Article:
Paul Laurence Dunbar is one of the most celebrated American poets of the late 19th century. Dunbar was raised in Dayton, Ohio by formerly enslaved parents who were emancipated after the Civil War. He began writing poetry at the age of six and published his first poem at 16. Though he died young, Dunbar published over a dozen collections of poetry, four novels, several short story collections, and an original play before succumbing to tuberculosis at age 33. Dunbar’s work, enjoyed by presidents William McKinley and Theodore Roosevelt, centers the everyday experience of Black men and women in fin de siècle America.
Dunbar collaborated with the Hampton Institute Camera Club to illustrate six of his poetry collections. The Club’s affirming portraits of Black Americans became some of the mostly widely distributed images of African American visual culture in U.S. history. Dunbar’s 1901 work, Candle-lightin’ Time is a prime example of their partnership. The collection’s first poem, “Dinah Kneading Dough,” tenderly describes Dinah’s breadmaking accompanied by images of a Black woman elbow-deep in flour in her kitchen.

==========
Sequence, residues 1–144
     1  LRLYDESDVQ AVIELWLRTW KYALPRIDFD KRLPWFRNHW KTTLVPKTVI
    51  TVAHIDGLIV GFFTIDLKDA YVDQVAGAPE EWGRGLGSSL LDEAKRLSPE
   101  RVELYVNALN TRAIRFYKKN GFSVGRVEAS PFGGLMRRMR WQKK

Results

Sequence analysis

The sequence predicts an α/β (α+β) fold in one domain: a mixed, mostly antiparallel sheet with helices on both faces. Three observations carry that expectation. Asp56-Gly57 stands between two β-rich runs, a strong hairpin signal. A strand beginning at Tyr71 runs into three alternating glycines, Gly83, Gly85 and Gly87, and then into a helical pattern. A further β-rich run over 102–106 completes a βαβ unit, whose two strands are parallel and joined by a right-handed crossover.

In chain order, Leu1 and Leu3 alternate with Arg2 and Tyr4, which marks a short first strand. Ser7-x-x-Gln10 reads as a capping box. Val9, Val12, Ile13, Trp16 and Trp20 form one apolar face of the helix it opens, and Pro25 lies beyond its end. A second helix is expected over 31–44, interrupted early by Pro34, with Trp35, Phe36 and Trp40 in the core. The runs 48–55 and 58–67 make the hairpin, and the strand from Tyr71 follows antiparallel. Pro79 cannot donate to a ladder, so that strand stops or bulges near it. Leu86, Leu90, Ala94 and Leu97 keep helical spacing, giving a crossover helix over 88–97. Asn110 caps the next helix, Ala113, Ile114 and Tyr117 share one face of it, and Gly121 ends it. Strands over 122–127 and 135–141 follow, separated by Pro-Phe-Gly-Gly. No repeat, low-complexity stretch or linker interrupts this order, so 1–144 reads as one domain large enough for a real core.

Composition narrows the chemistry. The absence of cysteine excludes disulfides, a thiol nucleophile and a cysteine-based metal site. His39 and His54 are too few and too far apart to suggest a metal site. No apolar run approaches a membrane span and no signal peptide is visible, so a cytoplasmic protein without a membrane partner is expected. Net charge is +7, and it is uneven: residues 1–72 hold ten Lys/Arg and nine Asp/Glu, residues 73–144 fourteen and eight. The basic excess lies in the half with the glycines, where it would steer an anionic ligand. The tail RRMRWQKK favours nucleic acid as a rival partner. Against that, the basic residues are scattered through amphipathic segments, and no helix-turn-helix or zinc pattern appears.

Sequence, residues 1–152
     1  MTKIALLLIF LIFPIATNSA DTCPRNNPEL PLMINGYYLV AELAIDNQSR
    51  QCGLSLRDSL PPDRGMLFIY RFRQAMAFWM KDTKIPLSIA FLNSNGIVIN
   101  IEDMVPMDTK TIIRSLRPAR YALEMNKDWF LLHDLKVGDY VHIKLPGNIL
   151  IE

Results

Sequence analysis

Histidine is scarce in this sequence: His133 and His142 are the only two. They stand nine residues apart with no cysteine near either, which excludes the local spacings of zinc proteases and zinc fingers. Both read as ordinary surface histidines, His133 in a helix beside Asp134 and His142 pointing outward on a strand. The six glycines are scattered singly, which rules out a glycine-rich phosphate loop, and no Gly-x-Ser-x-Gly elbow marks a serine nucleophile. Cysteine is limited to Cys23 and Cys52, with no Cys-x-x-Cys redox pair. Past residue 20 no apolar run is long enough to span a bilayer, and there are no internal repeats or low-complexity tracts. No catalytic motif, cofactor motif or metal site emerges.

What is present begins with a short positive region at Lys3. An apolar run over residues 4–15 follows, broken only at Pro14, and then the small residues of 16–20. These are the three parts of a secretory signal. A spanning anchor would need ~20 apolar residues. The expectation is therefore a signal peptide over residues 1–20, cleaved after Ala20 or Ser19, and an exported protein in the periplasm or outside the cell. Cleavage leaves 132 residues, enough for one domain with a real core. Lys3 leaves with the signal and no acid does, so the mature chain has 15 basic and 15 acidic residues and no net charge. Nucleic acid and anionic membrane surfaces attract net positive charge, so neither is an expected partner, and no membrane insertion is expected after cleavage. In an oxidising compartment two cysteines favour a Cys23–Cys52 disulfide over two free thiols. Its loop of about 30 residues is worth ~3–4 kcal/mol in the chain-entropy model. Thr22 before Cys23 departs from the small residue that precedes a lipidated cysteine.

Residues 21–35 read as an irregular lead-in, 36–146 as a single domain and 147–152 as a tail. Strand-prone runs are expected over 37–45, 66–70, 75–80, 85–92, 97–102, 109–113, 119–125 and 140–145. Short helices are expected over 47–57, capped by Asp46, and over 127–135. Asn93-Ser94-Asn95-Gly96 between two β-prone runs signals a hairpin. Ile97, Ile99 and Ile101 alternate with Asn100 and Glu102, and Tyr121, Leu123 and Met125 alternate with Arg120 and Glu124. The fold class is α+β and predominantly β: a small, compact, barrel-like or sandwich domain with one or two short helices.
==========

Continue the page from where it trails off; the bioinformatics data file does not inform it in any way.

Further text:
The images from Candle-lightin’ Time in this post are from a copy digitized by Widener Library, but Houghton is home to a dozen works by Dunbar, three of which are illustrated with photographs by the Hampton Institute Camera Club. Book design aficionados may be interested to know that several of Dunbar’s books were designed by Margaret Armstrong—as is the case here with Candle-lightin’ Time—and Alice Morse. A complete list of Houghton’s Dunbar titles can be found on HOLLIS.
Thanks to Christine Jacobson, Assistant Curator of Modern Books and Manuscripts, for contributing this post and to Dorothy Berry, Digital Collections Program Manager, for her expertise and assistance with this post. Houghton From Home is a series of posts highlighting our digitized collections. For more items from across the Harvard Library, visit Harvard Digital Collections.